If simplicity is a virtue, Senate Bill 48 is highly virtuous. The bill, sponsored by Sen. Gary Branae, D-Billings, would add just 12 words to Montana law: “United States senator or” in three places in a statute that now provides for special elections to fill vacancies in the U.S. House of Representatives.
Branae's simple proposal would add “United States senator” so that the method of filling an unscheduled vacancy (midterm resignation or death) of a senator would be the same as for a representative. Montana law requires that a U.S. House vacancy be filled by a special election held not more than 100 days after the vacancy occurs.
The exception is that if a vacancy occurred 150 days or less before a primary or between a primary and general election, the new representative would be elected at the general election. If the new representative was elected at a November general election, he or she would take office immediately, instead of waiting till January.
Montana law says that each political party “shall choose a candidate according to the rules of the party” for the special U.S. House election and also provides for independent candidates to be nominated. However, for the more powerful office of U.S. senator, Montana law currently provides that the governor will appoint a senator to serve until after a senator is elected at the next general election. Depending on the timing, an appointed U.S. senator could serve for a couple of years before voters were allowed to choose their senator.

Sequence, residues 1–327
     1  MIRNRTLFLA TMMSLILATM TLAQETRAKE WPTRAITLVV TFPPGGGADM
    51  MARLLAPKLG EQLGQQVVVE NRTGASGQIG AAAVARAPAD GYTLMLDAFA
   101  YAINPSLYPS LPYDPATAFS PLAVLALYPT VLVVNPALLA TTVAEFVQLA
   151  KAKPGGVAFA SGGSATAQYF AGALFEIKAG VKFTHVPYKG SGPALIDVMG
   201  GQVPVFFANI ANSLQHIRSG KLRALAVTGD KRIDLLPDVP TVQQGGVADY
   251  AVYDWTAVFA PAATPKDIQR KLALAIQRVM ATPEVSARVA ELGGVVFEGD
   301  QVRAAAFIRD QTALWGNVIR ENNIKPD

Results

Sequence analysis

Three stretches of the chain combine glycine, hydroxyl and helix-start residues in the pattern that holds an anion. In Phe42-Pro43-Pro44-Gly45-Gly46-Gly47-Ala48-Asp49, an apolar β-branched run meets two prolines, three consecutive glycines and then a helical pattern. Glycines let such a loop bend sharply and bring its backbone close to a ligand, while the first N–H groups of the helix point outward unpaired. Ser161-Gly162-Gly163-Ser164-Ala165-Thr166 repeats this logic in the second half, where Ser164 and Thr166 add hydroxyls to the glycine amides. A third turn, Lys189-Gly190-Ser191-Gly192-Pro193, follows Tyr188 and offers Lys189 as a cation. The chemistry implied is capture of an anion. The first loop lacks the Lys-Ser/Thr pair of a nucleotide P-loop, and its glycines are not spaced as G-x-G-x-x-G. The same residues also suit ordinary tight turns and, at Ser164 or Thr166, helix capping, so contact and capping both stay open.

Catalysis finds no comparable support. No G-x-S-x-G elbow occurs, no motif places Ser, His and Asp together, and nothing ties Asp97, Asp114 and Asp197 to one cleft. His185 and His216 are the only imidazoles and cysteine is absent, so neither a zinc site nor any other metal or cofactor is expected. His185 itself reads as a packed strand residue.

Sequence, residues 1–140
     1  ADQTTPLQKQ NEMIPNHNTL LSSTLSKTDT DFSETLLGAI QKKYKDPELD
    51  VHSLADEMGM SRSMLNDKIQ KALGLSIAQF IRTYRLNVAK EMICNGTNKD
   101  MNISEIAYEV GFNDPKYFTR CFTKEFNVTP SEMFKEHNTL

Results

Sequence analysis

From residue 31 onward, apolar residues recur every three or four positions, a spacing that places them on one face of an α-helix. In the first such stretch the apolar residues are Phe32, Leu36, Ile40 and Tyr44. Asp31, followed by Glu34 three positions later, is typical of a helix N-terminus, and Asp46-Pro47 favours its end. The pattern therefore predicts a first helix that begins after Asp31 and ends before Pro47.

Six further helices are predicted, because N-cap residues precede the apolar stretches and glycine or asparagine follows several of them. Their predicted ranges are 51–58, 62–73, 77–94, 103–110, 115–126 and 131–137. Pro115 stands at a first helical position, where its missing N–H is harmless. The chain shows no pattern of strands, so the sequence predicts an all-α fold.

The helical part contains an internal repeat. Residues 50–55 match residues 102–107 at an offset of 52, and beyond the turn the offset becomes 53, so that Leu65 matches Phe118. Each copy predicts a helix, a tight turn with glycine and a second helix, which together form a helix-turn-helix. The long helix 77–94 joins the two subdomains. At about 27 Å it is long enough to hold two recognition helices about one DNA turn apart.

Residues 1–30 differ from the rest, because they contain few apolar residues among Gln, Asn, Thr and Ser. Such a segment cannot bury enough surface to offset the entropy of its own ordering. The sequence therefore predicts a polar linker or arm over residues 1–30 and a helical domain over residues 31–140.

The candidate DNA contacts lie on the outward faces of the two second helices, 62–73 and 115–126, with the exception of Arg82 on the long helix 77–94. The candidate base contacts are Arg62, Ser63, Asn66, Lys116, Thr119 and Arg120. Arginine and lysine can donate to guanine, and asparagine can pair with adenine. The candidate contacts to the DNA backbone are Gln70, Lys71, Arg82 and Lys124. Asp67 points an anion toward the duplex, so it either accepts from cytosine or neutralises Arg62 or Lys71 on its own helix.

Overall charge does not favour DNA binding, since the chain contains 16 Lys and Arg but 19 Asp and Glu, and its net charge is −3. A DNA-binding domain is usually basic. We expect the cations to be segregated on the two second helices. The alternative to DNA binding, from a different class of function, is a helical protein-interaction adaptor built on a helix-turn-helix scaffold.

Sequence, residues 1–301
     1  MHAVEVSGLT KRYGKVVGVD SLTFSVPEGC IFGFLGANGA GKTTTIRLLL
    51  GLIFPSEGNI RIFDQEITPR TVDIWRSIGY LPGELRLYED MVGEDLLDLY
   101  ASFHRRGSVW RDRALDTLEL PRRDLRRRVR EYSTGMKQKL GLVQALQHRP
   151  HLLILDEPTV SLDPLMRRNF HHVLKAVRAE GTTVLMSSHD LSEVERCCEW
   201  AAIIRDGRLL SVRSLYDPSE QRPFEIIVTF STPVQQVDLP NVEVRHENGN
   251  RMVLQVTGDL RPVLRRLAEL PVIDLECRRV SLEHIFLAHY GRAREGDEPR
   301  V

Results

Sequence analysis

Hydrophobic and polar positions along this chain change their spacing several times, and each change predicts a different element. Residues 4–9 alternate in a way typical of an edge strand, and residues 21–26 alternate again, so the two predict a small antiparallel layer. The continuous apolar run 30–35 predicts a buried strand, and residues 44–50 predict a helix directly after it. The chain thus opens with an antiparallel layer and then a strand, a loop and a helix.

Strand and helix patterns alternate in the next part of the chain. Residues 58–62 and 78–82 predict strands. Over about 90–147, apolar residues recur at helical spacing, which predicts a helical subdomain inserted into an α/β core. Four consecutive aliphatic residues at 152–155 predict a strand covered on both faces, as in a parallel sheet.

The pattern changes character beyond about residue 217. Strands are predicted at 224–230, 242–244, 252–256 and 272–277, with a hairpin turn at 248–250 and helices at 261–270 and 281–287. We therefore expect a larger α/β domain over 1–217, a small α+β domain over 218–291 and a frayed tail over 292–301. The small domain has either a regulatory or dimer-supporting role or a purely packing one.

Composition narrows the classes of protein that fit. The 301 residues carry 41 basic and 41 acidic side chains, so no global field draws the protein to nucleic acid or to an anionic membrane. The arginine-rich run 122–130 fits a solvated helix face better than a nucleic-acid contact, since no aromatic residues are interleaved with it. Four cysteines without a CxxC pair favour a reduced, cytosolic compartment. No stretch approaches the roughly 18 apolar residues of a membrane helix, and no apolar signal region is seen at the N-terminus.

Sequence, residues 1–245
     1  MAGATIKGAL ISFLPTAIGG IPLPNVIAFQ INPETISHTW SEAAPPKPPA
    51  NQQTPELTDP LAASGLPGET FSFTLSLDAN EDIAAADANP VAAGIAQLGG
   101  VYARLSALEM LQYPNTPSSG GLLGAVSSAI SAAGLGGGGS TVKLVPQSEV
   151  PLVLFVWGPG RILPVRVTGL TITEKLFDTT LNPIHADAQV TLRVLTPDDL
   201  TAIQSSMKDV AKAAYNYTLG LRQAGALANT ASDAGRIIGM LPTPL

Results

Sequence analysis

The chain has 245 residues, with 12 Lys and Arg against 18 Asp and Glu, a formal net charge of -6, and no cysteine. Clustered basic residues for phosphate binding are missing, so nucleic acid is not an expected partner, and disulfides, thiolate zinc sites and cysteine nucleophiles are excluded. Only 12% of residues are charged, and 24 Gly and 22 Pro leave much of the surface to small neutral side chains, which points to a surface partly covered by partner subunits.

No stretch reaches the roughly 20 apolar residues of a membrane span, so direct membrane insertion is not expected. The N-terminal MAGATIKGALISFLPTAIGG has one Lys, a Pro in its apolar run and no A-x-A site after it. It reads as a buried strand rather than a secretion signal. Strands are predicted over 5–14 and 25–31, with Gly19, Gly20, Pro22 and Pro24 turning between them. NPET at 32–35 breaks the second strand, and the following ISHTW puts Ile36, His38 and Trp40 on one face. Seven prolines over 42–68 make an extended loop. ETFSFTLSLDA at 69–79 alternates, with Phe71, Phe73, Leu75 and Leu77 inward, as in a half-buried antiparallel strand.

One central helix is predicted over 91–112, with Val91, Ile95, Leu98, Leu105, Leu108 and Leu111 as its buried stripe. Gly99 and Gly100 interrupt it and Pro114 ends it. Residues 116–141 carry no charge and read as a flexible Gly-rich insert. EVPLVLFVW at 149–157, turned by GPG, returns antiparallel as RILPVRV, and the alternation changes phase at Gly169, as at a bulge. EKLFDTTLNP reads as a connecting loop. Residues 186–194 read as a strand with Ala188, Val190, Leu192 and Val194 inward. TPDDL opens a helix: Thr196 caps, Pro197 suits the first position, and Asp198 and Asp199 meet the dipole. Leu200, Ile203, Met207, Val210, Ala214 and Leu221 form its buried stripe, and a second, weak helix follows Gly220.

The scandalous attempts of a former Illinois governor to profit personally from filling a U.S. Senate seat in 2008 prompted a dozen states to reconsider their laws on gubernatorial appointments for U.S. Senate. According to the National Conference of State Legislatures, at least two states switched from appointments to special elections in 2009. States in which special U.S. Senate elections are the law include Connecticut, Rhode Island, Alabama, Alaska, Arkansas, Louisiana, Massachusetts, Mississippi, Oklahoma, Oregon, Texas, Vermont, Washington and Wisconsin. However most of those states allow governors to appoint U.S. senators pending the special election. Only Wisconsin, Oklahoma and Oregon don't allow an interim gubernatorial appointment.
Not the 'peoples' choice'
“Historically speaking, appointed senators have not always been the peoples' choice here in Montana,” Secretary of State Linda McCulloch noted in announcing her support for SB48. The two Montana senators appointed by governors weren't kept in office by voters.
As McCulloch said, holding special elections for vacancies in the U.S. Senate is “levelheaded, fair, and most importantly, democratic.” We commend Branae for sponsoring this change to guarantee the same involvement of the electorate in filling the office of U.S. senator as Montanans have in filling vacancies in the U.S. House. We urge all Montana lawmakers to support this change to empower the citizens of Montana to choose their senators.